The Responsibility of Religious Liberty

Much has been made this election cycle about Religious Liberty.  Many of the Republican candidates for president have been speaking vehemently about the First Amendment protection of the “Free Exercise of Religion”.  There is fear among many Americans that the government will be interfering in the practice of their religion through enforced support of gay marriage.  However, I want to suggest that this attitude is a poor imitation of what the law and our religion actually call us to.  It is not the only the freedom of religion from government interference, but that we have the freedom to fully exercise our religion, something our atrophied churches demonstrate we have not been diligent in practicing.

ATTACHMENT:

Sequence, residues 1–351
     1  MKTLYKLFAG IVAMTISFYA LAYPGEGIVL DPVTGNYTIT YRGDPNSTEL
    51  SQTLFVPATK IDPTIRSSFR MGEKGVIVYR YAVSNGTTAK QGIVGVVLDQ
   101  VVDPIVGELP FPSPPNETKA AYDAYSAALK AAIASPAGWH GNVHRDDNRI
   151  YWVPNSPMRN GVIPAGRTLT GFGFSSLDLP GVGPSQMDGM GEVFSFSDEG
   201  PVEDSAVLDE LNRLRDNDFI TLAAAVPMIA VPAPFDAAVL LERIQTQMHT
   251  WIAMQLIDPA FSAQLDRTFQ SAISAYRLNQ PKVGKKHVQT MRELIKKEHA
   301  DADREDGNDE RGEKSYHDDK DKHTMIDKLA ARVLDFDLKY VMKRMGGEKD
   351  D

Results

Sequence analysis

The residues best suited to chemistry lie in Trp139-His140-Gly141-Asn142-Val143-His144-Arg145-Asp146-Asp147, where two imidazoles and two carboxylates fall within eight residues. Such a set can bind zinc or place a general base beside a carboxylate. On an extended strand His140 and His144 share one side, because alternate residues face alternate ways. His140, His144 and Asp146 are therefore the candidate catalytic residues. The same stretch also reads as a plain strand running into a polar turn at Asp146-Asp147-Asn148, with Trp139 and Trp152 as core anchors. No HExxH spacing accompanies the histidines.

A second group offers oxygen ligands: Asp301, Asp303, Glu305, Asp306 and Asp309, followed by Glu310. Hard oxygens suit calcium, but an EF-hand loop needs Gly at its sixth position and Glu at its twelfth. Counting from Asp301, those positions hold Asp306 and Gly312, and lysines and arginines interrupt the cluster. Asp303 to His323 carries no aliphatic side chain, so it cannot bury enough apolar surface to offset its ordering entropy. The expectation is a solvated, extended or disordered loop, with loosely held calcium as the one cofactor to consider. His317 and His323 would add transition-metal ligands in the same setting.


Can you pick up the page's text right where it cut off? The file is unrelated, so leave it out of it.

The free exercise of religion is a not only a right but also a duty of every American Christian.  It is not given that we may go to church and hear an uncensored sermon every week before we get back to our lives.  It is given that we may embody Christ in our everyday lives.  Our country was founded on the presupposition that the Christians would be Christians and should be left alone to do so, a presupposition that doesn’t seem to hold in today’s consumer Christianity.  Whereas in other countries Christians have to exercise their religion in secret or with civil penalties for doing so, we have the blessing of a clause in the Bill of Rights guaranteeing our freedom to be the most Christian we can without fear of reprisal.  So why do we seem to not be taking advantage of this blessing?